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|A CurtainUp Review
By Sue Krisman
Every time I walk the last couple of hundred yards along the Thames Embankment on the way to a show at the National Theatre in London , the word "privileged" always springs to mind. Never mind that it is a pain to get to, once you are sitting in any of the three theatres, you just know that what you are about to receive will be truly theatrical.
All the talk about modern theatre being too concerned with sex is shown up as nonsense with this "Restoration" romp hat is based solely on the pursuit of married women. (Ed. Note: Written in 1681 by Edward Ravenscroft; adapted and directed by Terry Johnson). The premise of the plot is only that of men idly conjecturing amongst themselves about whether a silly or a witty woman is the most likely to be faithful, and proving only that men are easily fooled in the attempt. The base plot reminded me for a moment of that recent play that was so well done - The School for Wives - but this one has more substance and more virility. Not to say more delicious complications. The music of the age, directed and presented by Roderick Skeaping and his merry men kept this delightful play on the boil throughout, though for some reason seemed not to work playing the audience in for so long at the beginning. It only went to distract from the prologue that set the naughty scene.
This is a production which is never silly but always witty. Our handsome hero Ned Ramble, played with enthusiastic panache and fun by Ben Miles, is an inept and unlucky lover who would be glad to ravage anything in petticoats if only he could get his timing right. He falls out of windowns, gets locked into more hiding places than twenty Whitehall Farces and even wonderfully fails to fit under a bed in hot pursuit of some willing temptress. His friend Frank Townley, on the other hand, played with the offhand roughness of Eddy Grundy, crassly prefers a glass of ale to a woman any day but always seems to slip into the very bed his dear friend Ned is panting to get into.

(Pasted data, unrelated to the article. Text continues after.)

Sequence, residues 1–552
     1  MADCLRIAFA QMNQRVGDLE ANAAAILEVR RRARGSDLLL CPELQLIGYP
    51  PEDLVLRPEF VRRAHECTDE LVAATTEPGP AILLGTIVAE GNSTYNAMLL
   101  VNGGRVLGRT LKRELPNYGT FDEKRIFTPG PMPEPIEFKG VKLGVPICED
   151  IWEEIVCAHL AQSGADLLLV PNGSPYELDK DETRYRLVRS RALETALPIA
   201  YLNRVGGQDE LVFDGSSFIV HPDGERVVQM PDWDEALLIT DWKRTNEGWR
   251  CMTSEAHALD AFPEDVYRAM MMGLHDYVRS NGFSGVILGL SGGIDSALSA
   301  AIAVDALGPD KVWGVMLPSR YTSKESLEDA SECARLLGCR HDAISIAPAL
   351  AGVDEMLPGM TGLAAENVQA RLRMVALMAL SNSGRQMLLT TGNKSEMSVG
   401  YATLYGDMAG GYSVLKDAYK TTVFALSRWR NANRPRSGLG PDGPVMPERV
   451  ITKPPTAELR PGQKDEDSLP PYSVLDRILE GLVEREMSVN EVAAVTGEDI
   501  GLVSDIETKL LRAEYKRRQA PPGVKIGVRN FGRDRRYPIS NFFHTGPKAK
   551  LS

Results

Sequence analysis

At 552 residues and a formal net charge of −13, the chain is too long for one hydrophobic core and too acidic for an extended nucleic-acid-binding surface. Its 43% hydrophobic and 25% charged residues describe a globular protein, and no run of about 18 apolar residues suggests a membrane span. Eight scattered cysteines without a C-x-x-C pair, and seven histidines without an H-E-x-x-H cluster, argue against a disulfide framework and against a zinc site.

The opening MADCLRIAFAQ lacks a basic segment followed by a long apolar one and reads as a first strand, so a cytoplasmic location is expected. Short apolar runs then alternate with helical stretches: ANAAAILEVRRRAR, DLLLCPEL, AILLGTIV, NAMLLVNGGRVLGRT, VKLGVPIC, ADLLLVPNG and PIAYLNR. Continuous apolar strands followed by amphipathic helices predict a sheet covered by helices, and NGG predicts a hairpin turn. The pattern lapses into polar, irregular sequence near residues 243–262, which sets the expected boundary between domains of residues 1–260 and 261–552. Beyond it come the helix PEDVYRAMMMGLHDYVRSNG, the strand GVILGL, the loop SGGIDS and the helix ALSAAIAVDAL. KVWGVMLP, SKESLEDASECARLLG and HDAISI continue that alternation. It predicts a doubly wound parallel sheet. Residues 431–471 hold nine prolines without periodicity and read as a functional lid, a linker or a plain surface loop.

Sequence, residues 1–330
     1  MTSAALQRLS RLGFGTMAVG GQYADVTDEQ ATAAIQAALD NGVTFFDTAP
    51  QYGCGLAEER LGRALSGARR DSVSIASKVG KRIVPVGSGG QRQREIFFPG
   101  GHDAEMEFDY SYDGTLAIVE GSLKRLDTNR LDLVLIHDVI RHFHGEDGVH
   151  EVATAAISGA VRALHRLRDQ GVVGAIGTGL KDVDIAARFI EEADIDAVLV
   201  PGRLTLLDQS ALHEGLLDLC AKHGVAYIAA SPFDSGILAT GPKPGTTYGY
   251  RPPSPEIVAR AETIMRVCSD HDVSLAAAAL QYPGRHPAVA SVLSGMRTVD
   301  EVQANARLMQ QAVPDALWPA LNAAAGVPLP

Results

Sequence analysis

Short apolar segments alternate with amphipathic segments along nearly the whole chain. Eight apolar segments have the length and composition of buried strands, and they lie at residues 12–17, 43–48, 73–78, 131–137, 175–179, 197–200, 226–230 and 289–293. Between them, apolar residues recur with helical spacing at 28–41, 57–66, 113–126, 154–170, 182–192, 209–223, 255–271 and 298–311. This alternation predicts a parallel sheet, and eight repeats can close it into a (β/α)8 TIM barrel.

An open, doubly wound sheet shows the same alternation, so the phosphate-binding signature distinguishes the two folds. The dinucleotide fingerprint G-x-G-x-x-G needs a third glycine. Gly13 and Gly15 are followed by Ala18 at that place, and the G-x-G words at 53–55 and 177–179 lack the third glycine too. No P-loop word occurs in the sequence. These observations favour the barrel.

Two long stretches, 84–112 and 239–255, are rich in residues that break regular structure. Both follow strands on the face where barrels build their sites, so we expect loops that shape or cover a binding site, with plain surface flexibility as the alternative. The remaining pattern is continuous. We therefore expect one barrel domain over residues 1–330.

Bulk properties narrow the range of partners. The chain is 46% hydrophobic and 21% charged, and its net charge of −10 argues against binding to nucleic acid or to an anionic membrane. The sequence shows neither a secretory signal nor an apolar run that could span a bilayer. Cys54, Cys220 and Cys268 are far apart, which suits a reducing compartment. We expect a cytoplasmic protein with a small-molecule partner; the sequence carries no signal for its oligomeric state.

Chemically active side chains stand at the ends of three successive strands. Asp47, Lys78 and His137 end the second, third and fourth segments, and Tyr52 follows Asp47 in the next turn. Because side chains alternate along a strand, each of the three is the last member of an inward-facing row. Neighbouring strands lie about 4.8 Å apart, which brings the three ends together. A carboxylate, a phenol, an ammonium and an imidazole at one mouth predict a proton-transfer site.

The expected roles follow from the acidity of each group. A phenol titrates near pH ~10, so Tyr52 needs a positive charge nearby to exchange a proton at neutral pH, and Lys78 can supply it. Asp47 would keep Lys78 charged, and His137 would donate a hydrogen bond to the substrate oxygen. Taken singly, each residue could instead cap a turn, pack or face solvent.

The dialogue zings and stings -- "what used to be called pimping nowadays is called doing a friend a favour." There is the lovely scene when a bored wife allows her elderly husband to bind her to a promise to say only "no" to anything. She agrees. But encourages the men to ask the right questions for her vehement "no!" This gives the excellent Caroline Quentin a chance for her skills although generally I didn't think this was a great enough part for her. The young and "silly" bride, Peggy is, on the other hand, a gift of a lusty part to the right young actress.Kelly Reilly runs away with the whole joy of ignorance and innocence wrapped up in beautiful silks. Her final subjugation was the only jarring note of the play -- her future life not a pretty thing.
But London Cuckolds is charming Please take anyone to see this who thinks that if it's old it has to be stuffy. It's a play that reflects the seventeenth century in which it was written whilst mirroring our own in which it is played and sends both of them up rotten.